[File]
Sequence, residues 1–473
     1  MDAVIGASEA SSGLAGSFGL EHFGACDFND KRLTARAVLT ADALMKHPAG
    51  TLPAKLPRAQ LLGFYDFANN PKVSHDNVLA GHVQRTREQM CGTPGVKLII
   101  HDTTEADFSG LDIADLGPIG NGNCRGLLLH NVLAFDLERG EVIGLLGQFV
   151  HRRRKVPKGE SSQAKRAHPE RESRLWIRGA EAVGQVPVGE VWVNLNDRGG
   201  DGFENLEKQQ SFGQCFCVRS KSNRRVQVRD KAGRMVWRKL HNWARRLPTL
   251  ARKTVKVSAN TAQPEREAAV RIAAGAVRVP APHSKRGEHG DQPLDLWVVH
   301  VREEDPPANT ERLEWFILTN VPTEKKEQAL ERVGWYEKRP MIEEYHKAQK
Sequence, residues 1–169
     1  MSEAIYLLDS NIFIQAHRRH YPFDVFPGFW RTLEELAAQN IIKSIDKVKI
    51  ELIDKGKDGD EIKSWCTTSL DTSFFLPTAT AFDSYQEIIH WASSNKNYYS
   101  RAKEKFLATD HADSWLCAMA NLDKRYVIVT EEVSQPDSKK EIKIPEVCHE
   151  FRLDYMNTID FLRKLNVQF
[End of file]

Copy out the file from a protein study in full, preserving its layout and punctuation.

Sequence, residues 1–473
     1  MDAVIGASEA SSGLAGSFGL EHFGACDFND KRLTARAVLT ADALMKHPAG
    51  TLPAKLPRAQ LLGFYDFANN PKVSHDNVLA GHVQRTREQM CGTPGVKLII
   101  HDTTEADFSG LDIADLGPIG NGNCRGLLLH NVLAFDLERG EVIGLLGQFV
   151  HRRRKVPKGE SSQAKRAHPE RESRLWIRGA EAVGQVPVGE VWVNLNDRGG
   201  DGFENLEKQQ SFGQCFCVRS KSNRRVQVRD KAGRMVWRKL HNWARRLPTL
   251  ARKTVKVSAN TAQPEREAAV RIAAGAVRVP APHSKRGEHG DQPLDLWVVH
   301  VREEDPPANT ERLEWFILTN VPTEKKEQAL ERVGWYEKRP MIEEYHKAQK
Sequence, residues 1–169
     1  MSEAIYLLDS NIFIQAHRRH YPFDVFPGFW RTLEELAAQN IIKSIDKVKI
    51  ELIDKGKDGD EIKSWCTTSL DTSFFLPTAT AFDSYQEIIH WASSNKNYYS
   101  RAKEKFLATD HADSWLCAMA NLDKRYVIVT EEVSQPDSKK EIKIPEVCHE
   151  FRLDYMNTID FLRKLNVQF